Offshore Wind Power Potential

by Paul J. Ossenbruggen, (M.ASCE), Assoc. Prof. of Civ. Engrg.; Univ. of New Hampshire, Durham, N.h.,
L. David Meeker, Assoc. Prof. of Mathematics; Univ. of New Hampshire, Durham, N.H.,
Gerard P. Pregent, New Hampshire State Climatologist; Univ. of New Hampshire, Durham, N.H.,

Serial Information: Journal of the Energy Division, 1979, Vol. 105, Issue 1, Pg. 81-92

Document Type: Journal Paper


The offshore region has been cited as a location to construct wind energy conversion systems because this region offers reduced surface drag; therefore, higher wind speeds and greater wind power may be harnessed than on land. A result of a statistical analysis of wind speed records for the Gulf of Maine region shows that six seasonal wind groups can be identified and that the gamma distribution adequately describes the wind speed frequency. The results show that for six months of the year higher wind speeds can be obtained offshore than inland. The use of the gamma distribution of wind speed for the operational characteristics of wind turbines show there is questionable gain in operating a turbine in an offshore environment. Historical wind speed records of the Boston Logan Airport, the Boston Lightship, and data collected on board ships that traversed the Gulf of Maine region were used in the study.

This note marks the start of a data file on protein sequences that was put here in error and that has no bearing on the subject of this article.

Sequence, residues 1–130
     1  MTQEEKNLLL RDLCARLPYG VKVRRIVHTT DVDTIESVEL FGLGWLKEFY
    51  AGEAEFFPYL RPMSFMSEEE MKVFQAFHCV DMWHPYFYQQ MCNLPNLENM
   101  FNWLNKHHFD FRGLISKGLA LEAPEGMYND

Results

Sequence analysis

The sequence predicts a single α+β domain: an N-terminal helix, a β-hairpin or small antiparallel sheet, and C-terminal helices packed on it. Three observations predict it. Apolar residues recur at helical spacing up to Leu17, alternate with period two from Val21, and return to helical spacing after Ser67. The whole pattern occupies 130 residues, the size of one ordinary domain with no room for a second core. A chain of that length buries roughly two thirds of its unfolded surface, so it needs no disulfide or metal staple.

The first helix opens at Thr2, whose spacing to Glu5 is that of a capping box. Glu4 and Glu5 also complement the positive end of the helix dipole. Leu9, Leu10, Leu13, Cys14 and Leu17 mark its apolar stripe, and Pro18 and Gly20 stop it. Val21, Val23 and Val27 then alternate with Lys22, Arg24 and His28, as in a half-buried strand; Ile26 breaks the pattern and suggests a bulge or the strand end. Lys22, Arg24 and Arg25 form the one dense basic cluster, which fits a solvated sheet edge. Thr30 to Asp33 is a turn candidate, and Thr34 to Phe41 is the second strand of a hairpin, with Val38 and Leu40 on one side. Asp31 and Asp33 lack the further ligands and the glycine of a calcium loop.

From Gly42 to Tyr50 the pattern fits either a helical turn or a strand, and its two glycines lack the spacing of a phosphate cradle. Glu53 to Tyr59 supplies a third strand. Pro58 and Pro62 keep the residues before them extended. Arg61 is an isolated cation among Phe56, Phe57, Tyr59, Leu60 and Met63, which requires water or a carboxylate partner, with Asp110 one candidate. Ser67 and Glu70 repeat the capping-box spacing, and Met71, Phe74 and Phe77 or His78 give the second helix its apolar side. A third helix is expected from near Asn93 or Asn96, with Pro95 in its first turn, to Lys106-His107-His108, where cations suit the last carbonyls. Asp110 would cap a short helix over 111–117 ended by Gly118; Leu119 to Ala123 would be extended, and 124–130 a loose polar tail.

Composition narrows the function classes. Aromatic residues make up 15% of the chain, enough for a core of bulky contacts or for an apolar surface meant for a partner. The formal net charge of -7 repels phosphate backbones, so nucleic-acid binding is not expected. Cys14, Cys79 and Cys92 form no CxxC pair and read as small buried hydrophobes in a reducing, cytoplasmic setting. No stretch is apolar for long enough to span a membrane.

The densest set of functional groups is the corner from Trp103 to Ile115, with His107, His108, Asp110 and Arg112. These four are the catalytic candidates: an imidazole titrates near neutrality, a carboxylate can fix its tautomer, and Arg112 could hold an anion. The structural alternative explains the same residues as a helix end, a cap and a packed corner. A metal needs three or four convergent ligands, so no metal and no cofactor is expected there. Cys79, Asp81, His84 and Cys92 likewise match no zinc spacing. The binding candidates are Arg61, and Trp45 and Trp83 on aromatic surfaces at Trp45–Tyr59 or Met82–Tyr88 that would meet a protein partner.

Subject Headings: Wind speed | Wind power | Gulfs | Gamma function | Turbines | Offshore construction | Energy conversion | Drag (fluid dynamics) | Gulf of Maine | Boston | Massachusetts | United States

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